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# Investigation into the Effectiveness of Insulation at Preventing the Loss of Thermal Energy from the Home.

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Introduction

Investigation into the Effectiveness of Insulation at Preventing the Loss of Thermal Energy from the Home Aim I intend to find out which insulation is most effective at preventing thermal energy transfer in the home and also which is more cost-effective. I.E. which costs less to buy but makes a larger reduction in your heating bill. Introduction Thermal energy is usually transferred by:- Conduction: This is where thermal energy is conducted through a material. It does this because on one side of the material the air is hotter than on the other side. So, the thermal energy is conducted from an area of warm air to an area of cooler air. Materials that are good electrical conductors also tend to be good thermal conductors, like; Gold, Silver and copper. These will all readily conduct thermal energy as well as electrical energy. Materials like wood, that don't conduct electricity, are also poor conductors of thermal energy. Evaporation This is where the molecules of water that are hotter than the air outside the water rise up out of the liquid as a gas. These molecules take some of the thermal energy of the liquid with them so, evaporation can cool down the water. This also work on our body, as we sweat and the sweat evaporates our body is cooled by the evaporation because the thermal energy of our body is taken in the molecules of sweat. Convection This is where the hotter water molecules of water will rise up to the top of the container and the cooler molecules sink to the bottom. This happens because as molecules become hotter the also become less dense so they will rise to the top, and the cooler particle will sink to the bottom to take their place. The heat energy from the hotter molecules at the top will escape by evaporation in a liquid. This does not only happen in liquids, it also happens in air so the majority of the thermal energy will be lost from the top of the container or through the roof of the house. ...read more.

Middle

So, all that the foam floor insulation will be near is the cooler water particles at the bottom of the beaker. Also, only about 15% of the energy that is lost from our homes is lost through the floor. Obviously the control experiment should be the worst because it has no insulation at all. Apparatus I will use the following apparatus:- * Beaker * Boiling Water * Kettle * Thermometer * Card * Carpet tile * Foam * Stop clock Method I will first set up all of the apparatus shown in the preceding diagrams. I will then boil the kettle and pour the water in the beaker being aware of the safety that is involved with boiling water. I will make sure that the kettle and the beakers of boiling water are in the middle of the table and not on the edge where they can be easily knocked off; it would also be a good idea to have a sign or some sort of notification that boiling water is being used so people will be more careful around it. I will use 200cm3 of water; this will be measured using the scale on the side of the beaker. I will start the clock when the temperature drops to 85oc so this way, if any of the water is below what it should be it won't matter because I will have to wait for all if the experiments to cool to 85oc (this way it will be a fair test). When the clock is started I will take the temperature of each experiment individually at one minute intervals for ten minutes. To try to increase the accuracy of the investigation I will repeat each experiment so I have two results, I will then find the average of these results so they will be more accurate and there will be less anomalous results shown on my graphs. ...read more.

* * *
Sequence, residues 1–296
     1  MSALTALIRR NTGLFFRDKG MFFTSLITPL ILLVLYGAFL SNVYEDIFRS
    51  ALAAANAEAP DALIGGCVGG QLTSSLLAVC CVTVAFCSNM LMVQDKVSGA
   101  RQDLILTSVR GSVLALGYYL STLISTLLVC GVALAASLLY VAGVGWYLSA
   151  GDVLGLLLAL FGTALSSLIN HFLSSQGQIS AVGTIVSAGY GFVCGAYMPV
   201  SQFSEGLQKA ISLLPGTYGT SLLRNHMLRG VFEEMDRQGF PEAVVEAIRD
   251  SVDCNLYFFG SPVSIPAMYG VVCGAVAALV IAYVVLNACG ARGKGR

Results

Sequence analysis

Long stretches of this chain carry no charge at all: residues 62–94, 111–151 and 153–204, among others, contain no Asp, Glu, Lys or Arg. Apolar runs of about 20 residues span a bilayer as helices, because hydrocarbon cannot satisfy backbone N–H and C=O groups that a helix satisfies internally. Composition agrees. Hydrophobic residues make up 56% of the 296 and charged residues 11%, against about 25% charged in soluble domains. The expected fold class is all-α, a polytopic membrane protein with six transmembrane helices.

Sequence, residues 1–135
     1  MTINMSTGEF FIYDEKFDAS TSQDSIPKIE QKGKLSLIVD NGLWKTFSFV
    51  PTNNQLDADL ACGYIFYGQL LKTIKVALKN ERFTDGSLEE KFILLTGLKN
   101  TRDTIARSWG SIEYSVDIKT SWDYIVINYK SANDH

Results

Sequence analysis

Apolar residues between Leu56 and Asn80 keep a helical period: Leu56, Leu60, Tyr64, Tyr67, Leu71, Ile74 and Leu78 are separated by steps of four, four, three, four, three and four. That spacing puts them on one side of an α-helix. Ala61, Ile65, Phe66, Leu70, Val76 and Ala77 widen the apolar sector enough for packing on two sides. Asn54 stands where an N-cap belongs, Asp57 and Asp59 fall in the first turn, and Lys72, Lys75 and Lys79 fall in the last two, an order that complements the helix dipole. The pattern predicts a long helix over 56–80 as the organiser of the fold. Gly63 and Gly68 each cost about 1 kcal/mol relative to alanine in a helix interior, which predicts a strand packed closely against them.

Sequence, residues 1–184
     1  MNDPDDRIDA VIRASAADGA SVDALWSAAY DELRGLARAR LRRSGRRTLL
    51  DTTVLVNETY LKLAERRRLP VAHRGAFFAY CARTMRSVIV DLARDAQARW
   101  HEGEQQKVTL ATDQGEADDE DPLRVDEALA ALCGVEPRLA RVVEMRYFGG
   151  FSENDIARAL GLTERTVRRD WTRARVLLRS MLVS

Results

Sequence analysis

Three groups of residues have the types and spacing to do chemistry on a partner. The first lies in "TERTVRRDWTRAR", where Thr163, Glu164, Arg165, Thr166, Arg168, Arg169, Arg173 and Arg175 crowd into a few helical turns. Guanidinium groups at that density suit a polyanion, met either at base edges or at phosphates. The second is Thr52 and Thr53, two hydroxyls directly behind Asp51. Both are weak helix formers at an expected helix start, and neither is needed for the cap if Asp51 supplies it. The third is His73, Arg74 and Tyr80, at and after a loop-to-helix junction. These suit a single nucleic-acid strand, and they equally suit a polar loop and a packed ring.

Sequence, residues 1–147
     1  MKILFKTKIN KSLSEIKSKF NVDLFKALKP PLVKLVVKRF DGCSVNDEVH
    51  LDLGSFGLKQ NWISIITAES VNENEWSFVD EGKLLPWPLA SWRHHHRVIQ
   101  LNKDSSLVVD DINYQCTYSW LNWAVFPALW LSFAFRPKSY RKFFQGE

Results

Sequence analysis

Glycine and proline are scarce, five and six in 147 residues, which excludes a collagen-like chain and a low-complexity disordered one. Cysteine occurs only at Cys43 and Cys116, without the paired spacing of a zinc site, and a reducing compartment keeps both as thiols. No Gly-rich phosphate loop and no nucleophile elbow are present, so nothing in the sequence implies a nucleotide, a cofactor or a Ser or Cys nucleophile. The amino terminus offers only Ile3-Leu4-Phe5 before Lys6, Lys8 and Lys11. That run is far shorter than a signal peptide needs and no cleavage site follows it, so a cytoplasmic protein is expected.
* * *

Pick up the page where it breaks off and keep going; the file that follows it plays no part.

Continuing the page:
Conclusion

Because of this, the carpet may have radiated the heat that it was storing away from the beaker. If I did this experiment again I could use white carpet tile or even foam as the wall insulation, this would greatly increase the accuracy of my results. Another error that could have caused anomalous results was the fact that the beakers could have been made by different manufacturers and had different compositions. This could have made the glass conduct thermal energy more easily or radiate heat more easily then others. This would cause results that were not consistent. Next time I do this experiment I will ensure that all of the beakers are from the same manufacturer or I could even use the same beaker, though this would be time consuming. Also loose fitting insulation that is where the insulation doesn't completely touch the beaker all the way around. For example if the lost insulation foam wasn't touching the beaker all the way round water could evaporate and the accuracy of the experiment would be compromised. Also if the carpet tile was a loose fit around the beaker, thermal energy could be conducted out of the glass, wouldn't get trapped in the air in the carpet and would go straight into the atmosphere and cause inaccurate results. If I did this again I would make sure that all of the insulation was a snug fit. There could have been errors in the double glazing because in real, modern double glazing in homes the air is sealed, air tight low pressure gas. Because it wasn't sealed around the top air could escape with thermal energy causing erroneous results. Also the fact that there was no low pressure gas present would have affected the accuracy of the experiment. This would be very difficult to simulate in the lab without using actual double glazing. Though I could make it more air tight by putting a Vaseline seal around the top of the beakers but under high temperatures this could melt. ?? ?? ?? ?? Physics Coursework - William Eardley 11.1 ...read more.

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